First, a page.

When most people hear the word “Maui,” they don’t think of a scene like this. But all of the Hawaiian islands have a similar geographical division in which the prevailing winds bring tons of rain to the east and north sides, while the west and south sides are very dry. Since every island is actually a volcano, each one has a tall peak that blocks the moisture-laden winds from reaching the opposite side.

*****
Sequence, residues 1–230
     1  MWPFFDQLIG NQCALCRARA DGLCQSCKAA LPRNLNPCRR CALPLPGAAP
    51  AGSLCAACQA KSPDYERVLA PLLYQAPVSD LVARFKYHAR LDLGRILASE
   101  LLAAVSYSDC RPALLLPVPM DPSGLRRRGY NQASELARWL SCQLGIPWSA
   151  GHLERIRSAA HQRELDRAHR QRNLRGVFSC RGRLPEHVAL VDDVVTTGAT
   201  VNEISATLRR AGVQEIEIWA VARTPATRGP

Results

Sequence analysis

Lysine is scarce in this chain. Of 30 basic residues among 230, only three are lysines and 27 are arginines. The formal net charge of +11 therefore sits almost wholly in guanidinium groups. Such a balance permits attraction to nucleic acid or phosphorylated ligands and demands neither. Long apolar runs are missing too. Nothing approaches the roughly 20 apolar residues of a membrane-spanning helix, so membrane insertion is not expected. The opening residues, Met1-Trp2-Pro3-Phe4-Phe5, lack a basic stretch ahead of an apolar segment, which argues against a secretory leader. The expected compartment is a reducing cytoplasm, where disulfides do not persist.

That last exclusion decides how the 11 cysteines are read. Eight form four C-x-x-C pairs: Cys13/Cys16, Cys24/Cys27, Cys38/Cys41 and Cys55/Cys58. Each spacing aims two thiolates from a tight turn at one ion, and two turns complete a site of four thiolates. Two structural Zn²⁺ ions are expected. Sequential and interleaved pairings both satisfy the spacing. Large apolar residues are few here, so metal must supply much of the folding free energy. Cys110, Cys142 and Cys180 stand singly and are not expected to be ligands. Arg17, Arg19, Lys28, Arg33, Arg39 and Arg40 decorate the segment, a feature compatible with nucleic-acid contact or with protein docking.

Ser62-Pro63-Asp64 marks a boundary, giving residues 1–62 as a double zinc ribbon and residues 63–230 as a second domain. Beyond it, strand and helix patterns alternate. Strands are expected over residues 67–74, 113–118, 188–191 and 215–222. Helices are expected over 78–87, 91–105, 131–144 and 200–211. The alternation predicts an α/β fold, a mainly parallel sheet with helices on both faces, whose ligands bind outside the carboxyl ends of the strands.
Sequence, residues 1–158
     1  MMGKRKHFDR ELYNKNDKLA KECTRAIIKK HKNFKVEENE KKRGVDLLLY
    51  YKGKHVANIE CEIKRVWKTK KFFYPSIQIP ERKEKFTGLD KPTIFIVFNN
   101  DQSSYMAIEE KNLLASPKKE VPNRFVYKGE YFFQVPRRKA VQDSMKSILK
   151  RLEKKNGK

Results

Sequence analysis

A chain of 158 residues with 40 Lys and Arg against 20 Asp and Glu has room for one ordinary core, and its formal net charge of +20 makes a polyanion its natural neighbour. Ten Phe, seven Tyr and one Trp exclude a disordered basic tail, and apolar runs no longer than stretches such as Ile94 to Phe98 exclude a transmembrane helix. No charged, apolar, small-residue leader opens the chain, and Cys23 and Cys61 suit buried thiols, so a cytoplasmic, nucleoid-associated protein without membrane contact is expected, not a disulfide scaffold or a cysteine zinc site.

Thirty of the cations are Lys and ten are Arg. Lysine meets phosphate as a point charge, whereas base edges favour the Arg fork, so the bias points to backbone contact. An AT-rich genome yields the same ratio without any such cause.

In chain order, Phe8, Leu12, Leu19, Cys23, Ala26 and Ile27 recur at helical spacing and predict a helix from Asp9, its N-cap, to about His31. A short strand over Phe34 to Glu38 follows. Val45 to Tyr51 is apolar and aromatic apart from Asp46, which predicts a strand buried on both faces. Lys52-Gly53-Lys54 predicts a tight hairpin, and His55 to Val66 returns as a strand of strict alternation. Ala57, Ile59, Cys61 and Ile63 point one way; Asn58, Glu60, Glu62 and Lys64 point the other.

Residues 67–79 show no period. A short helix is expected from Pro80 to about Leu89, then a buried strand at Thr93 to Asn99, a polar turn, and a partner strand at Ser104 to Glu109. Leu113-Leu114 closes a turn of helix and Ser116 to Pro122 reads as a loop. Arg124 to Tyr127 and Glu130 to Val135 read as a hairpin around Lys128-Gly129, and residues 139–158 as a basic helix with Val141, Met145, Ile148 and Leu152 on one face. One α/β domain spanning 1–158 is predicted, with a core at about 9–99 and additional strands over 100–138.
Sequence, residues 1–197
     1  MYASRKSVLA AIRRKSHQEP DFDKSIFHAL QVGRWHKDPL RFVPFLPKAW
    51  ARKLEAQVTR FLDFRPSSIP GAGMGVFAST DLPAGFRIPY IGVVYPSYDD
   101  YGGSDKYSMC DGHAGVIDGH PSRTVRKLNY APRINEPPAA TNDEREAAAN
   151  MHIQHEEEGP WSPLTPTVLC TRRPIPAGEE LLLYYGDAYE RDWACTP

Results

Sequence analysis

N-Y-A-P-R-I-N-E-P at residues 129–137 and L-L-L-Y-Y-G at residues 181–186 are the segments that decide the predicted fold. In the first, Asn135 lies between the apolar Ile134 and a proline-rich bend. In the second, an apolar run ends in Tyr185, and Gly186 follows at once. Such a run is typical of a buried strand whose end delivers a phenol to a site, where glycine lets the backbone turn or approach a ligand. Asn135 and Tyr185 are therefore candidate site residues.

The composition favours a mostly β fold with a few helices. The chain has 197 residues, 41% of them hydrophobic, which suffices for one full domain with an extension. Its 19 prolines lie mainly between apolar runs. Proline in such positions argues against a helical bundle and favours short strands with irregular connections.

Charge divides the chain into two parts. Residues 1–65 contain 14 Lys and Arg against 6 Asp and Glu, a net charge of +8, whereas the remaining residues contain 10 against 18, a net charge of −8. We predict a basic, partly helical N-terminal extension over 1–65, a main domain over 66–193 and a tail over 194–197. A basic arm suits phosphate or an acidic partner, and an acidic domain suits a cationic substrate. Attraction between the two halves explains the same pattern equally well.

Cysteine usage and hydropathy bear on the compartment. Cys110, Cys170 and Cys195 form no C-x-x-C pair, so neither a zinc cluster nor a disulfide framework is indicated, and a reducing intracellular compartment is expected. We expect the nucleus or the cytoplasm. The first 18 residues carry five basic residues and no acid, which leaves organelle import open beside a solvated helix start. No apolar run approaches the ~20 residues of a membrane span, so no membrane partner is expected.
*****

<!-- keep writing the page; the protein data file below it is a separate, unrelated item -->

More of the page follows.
In fact, the word “kona” in Hawaiian means “leeward” — it refers to the dry side of the island, the side protected from the winds.
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